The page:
Environmental group names Georgia’s ‘Dirty Dozen’ threats to water


The Georgia Water Coalition on Wednesday named its annual “Dirty Dozen” list of the state’s worst polluters, taking particular aim at state policymakers for what it called poor oversight and a lack of political will to enforce existing environmental protections.

The coalition, which includes 217 conservation and environmental organizations, said the list is not ranked in any particular order. It names endangered areas across the state and the reasons they are under threat:

  • Georgia’s water because of state policy.
  • Georgia’s coastal and freshwater wetlands because of decisions by the state Environmental Protection Division that the group said loosen regulation of clean water laws.
  • The Floridan Aquifer on Georgia’s coast because of the state’s plans to explore injecting treated surface water into an underground storage area.
  • The Chattahoochee River because the region’s primary source of drinking water is under stress from stormwater runoff.
  • The Coosa River, related to Georgia Power’s use of river water at the coal-powered Plant Hammond near Rome.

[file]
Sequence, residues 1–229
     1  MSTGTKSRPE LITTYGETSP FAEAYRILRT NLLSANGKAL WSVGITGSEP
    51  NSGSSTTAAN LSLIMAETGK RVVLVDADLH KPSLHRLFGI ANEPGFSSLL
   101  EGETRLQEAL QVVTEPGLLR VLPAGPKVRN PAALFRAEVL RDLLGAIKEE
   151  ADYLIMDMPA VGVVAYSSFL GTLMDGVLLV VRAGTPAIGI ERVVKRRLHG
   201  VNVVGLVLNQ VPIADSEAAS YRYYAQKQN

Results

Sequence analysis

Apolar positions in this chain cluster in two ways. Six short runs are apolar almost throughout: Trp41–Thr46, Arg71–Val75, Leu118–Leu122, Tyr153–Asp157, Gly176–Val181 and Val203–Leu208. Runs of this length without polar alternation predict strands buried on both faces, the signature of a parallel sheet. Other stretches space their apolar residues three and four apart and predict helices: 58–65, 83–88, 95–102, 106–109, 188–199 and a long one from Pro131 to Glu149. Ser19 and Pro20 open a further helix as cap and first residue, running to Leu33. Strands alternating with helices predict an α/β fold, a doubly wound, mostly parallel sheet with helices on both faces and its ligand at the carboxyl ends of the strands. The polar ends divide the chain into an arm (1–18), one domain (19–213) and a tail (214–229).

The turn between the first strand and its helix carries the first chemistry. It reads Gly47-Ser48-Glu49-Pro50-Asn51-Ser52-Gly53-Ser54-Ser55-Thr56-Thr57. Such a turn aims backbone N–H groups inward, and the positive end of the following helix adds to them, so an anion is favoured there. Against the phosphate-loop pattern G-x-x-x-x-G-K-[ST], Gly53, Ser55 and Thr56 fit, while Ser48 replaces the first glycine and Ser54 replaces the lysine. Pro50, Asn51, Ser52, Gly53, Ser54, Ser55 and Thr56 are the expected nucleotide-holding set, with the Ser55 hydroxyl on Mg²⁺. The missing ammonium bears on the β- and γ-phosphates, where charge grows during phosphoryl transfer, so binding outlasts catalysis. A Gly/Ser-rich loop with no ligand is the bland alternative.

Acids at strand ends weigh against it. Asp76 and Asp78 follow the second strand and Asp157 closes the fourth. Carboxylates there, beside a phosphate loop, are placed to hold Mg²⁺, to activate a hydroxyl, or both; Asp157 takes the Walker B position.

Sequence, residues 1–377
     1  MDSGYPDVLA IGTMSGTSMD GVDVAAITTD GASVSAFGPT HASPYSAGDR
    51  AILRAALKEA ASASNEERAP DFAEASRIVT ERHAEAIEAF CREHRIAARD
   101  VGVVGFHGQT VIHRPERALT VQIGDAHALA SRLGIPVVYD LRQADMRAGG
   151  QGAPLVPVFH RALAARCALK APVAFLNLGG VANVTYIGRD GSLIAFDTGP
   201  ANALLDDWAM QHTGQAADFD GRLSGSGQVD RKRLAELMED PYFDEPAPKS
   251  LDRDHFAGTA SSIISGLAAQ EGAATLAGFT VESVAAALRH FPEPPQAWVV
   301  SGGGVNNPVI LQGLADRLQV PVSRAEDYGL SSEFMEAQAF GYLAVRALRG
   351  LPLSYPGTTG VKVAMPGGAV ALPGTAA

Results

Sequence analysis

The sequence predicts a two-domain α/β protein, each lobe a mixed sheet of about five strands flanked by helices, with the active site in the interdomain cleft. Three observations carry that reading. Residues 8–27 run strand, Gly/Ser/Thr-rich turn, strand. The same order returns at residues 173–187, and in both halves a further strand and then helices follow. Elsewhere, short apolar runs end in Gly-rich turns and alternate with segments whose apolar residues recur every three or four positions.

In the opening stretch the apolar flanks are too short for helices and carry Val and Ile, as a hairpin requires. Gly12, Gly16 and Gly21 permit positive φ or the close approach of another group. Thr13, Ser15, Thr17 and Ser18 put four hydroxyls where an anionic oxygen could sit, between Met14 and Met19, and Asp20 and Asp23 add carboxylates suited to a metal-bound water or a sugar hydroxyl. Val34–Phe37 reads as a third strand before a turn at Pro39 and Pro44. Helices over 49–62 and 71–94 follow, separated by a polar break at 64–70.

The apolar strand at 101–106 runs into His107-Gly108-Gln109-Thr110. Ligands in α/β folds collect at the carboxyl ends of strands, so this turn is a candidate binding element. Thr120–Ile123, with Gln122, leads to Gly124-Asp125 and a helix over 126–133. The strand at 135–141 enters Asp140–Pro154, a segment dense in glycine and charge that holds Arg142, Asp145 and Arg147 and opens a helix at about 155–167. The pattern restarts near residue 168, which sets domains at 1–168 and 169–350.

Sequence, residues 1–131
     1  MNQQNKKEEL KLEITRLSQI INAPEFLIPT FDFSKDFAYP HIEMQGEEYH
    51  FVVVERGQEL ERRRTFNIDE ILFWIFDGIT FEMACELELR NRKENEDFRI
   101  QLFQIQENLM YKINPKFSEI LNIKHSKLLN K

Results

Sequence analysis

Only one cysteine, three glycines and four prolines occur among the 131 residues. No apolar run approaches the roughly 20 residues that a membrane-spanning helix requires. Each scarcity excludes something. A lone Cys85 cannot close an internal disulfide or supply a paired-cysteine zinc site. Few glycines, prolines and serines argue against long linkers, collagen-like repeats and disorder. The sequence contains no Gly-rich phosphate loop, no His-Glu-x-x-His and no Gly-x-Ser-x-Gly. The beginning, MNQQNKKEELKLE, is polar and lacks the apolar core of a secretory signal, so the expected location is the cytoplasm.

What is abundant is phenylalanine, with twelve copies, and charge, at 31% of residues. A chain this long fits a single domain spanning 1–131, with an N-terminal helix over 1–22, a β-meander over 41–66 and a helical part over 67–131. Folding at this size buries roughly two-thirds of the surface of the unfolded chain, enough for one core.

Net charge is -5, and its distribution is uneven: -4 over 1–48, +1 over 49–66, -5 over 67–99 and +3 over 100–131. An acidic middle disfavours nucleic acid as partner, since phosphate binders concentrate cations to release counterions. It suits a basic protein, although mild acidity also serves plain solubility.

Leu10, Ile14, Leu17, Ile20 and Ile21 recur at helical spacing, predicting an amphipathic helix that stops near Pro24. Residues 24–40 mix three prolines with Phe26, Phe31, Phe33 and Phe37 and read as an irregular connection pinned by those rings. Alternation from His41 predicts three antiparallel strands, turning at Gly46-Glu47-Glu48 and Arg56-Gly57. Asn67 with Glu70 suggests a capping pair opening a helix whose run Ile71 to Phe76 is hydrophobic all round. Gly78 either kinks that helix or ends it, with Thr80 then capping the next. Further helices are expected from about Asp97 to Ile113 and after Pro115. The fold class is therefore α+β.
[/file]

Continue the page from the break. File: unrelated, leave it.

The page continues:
• The Flint River, related to state policy and fabrics manufacturer TenCate’s legal method of spraying treated wastewater over land near the Flint and area creeks.
  • The Savannah River because of depleted oxygen levels that threaten wildlife.
  • Georgia’s small streams and wetlands, which would fall under proposed rules about which bodies of water should be covered under the federal Clean Water Act.
  • The Withlacoochee River, which is near where a proposed natural gas pipeline would run through nine Georgia counties as it winds its way from Alabama to central Florida.
  • The Turtle River, which is near Brunswick and a toxic site from the long-closed LCP Chemicals plant that is still riddled with polychlorinated biphenyls (PCBs), caustic soda, mercury and lead.
  • The Satilla River at Waycross, which has seen the effects of industrial sites including the Seven Out industrial waste facility — deemed a Superfund site by the U.S. Environmental Protection Agency.
  • The Little Satilla Creek and Penholloway Creek near Jesup because of the DuPont Co.’s proposed mining operation affecting nearby residents and local wetlands.

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